Community volunteers and Lakes District Maintenance crews have worked over the last couple of months to improve conditions of the Burns Lake community garden

Community volunteers and Lakes District Maintenance crews have worked over the last couple of months to improve conditions of the Burns Lake community garden

Hard working residents transform community garden in two months

Many residents did not know Buns Lake had a community garden.

In the story ‘Reinvigorating community garden’ published in the Lakes District News’ Aug. 12, 2015 edition, Burns Lake’s Partnering 4 Healthier Communities (P4HC) committee was planning to hold a public meeting on Aug. 20 to determine the level of interest in community gardening.

What the P4HC committee could not have predicted back then was how much time and effort would be put into the town’s community garden over the next couple of months.

Since the Aug. 20 meeting, the newly-formed Burns Lake community garden society has completed a number of improvements to the site. They have also generated a great deal of interest in the garden, already having booked all of the beds for 2016.

Tracey Payne, President of the Burns Lake Community Garden Society, said there has been an outpouring of in-kind donations and volunteer time.

Volunteers have cut back the overgrowth of grass and thistles using a six foot deck mower behind a tractor, a gas powered weed eater and push lawn mower; removed three tandem truckloads of thistle infested soil using a dump truck; and removed the thistle infested composter bin with a backhoe.

But if you’re wondering why you hadn’t heard about a community garden in Burns Lake before, don’t worry. You are not alone. In fact, the president of the Burns Lake community garden society saw the site for the first time just minutes before the Aug. 20 meeting.

“Even though I am an avid gardener and have lived in the community for some time, I honestly did not know that the garden existed,” she said. “I call it the secret garden.”

Although only 12 residents showed up at the Aug. 20 meeting, almost all of those who attended chose to participate in some way.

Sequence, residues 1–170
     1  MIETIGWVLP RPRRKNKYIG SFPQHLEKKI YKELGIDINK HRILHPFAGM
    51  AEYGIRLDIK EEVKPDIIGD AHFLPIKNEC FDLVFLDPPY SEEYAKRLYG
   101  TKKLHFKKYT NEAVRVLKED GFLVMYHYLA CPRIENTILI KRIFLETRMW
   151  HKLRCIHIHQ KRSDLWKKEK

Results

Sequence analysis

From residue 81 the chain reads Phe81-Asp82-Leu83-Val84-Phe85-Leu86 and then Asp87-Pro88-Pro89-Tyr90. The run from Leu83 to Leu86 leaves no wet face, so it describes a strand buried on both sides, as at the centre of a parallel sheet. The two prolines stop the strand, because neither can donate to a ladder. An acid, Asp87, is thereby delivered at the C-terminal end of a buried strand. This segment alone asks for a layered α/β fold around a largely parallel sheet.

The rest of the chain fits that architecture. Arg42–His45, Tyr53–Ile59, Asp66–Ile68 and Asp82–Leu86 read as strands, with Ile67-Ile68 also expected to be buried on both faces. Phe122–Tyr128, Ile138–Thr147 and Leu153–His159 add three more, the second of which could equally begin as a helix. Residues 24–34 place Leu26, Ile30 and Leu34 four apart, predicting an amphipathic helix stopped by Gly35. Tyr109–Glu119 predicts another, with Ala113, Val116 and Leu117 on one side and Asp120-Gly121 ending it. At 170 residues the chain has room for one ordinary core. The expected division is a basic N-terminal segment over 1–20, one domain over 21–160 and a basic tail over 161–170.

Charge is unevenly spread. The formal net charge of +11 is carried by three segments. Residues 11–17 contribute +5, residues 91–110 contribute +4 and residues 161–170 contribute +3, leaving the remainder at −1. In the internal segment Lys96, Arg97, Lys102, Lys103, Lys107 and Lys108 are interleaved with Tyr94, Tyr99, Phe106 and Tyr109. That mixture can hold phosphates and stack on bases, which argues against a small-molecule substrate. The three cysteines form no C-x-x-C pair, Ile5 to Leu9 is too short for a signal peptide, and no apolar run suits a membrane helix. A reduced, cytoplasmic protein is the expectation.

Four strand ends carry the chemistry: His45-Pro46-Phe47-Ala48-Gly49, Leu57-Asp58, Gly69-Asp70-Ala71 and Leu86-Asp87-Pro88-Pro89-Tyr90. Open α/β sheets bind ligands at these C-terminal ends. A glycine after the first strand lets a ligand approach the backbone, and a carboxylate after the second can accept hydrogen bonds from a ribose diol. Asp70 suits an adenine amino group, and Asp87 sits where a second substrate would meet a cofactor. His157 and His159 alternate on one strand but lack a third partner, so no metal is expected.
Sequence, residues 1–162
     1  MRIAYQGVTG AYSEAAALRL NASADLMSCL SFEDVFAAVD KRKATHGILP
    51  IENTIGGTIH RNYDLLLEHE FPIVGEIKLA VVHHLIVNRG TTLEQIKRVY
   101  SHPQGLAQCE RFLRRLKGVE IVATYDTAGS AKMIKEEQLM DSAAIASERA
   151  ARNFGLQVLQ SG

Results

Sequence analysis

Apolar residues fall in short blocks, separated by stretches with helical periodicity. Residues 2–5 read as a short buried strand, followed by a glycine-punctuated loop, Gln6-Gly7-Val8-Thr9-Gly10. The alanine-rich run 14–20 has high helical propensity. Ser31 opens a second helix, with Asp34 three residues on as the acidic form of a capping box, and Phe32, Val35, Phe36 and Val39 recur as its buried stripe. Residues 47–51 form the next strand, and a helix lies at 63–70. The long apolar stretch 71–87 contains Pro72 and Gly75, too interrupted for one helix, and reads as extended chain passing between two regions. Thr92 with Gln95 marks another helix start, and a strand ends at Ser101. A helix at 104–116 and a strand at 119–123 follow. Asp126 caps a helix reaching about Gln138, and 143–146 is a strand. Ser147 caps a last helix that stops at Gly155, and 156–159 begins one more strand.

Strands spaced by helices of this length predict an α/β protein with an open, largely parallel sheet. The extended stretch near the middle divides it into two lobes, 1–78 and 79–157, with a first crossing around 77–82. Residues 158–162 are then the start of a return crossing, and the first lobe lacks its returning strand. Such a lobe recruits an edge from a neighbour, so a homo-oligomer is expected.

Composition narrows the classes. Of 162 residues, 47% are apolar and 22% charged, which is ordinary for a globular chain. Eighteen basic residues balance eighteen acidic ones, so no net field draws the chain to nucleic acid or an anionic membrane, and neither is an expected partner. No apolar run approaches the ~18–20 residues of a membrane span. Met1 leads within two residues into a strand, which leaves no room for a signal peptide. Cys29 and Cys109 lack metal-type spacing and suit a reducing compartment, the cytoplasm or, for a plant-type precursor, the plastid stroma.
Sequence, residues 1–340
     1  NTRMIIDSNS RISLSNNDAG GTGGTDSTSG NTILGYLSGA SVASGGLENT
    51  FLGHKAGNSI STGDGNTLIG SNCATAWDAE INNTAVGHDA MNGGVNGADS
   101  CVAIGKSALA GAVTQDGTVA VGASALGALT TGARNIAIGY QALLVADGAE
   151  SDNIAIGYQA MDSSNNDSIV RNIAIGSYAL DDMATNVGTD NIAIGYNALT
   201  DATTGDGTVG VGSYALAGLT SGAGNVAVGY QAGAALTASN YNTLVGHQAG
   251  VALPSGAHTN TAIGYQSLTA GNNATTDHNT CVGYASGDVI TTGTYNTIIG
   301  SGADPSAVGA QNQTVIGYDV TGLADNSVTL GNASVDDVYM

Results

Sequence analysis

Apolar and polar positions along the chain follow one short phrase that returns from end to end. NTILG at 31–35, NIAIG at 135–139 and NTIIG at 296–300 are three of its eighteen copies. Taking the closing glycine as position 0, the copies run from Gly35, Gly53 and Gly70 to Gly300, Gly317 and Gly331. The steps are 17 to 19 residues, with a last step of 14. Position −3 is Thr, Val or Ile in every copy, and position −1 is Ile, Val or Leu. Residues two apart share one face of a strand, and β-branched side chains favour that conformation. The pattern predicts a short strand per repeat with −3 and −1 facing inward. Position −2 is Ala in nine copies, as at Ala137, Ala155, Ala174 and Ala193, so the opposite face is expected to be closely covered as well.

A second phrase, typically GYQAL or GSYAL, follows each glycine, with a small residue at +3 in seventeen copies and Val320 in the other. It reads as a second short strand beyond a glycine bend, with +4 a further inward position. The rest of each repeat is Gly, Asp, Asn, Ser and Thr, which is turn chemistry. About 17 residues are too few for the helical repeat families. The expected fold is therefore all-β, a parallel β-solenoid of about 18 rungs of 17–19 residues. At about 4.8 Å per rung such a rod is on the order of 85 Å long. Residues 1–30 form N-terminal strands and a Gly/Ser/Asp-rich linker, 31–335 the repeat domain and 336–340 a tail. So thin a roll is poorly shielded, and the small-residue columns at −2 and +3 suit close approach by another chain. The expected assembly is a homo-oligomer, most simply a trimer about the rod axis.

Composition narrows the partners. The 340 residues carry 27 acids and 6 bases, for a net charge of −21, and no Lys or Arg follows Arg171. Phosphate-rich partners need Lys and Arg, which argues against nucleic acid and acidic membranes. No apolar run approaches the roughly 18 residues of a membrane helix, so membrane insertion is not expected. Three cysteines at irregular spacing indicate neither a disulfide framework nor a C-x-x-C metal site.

“We all agreed that the existing garden was a most excellent site, but that it had to look like there was hope that a good garden could grow there,” said Payne.

The garden is located on municipal land adjacent to the Immaculata Church. The original allotment garden and fence were built in 2002.

Councillor Susan Schienbein explained that although the garden space has been around for a number of years, the garden had been neglected, with only a few of the beds being utilized. In addition, a serious thistle infestation had developed in the garden and there had been little or no grass cutting in recent years, so the site had become quite overgrown.

“The community garden society has done some amazing work in a very short period of time,” said Schienbein.

Payne says she believes the community garden could become a “real asset” to the green space around town. She said the garden is situated on a “naturally beautiful site,” with a fence and a water source. However, she recognizes that it will take time and effort to further develop the site and make it “a point of pride for the community.”

“There is much work to be done to create an attractive green space that improves the appeal of our community,” said Payne.

There are currently 16 allotment beds that already have gardeners. The garden society hopes to add an additional four beds before the 2016 growing season. In addition, the group is currently discussing how they can provide outreach to the elderly, people with mobility issues and young families.

“A key element of our work will be educating participants about the benefits of gardening and growing good local food,” said Payne.

Apart from providing gardening opportunities for all Burns Lake residents, the group hopes the garden will also improve the sense of community and connection to the environment. Furthermore, the group hopes the community garden will provide educational activities and promote food sustainability.

Over the coming winter, the group plans to continue developing plans for the community garden – now with the confidence that they have a broad community support.

“I think that our communal work bees have already demonstrated just how much can be accomplished if people work together,” said Payne.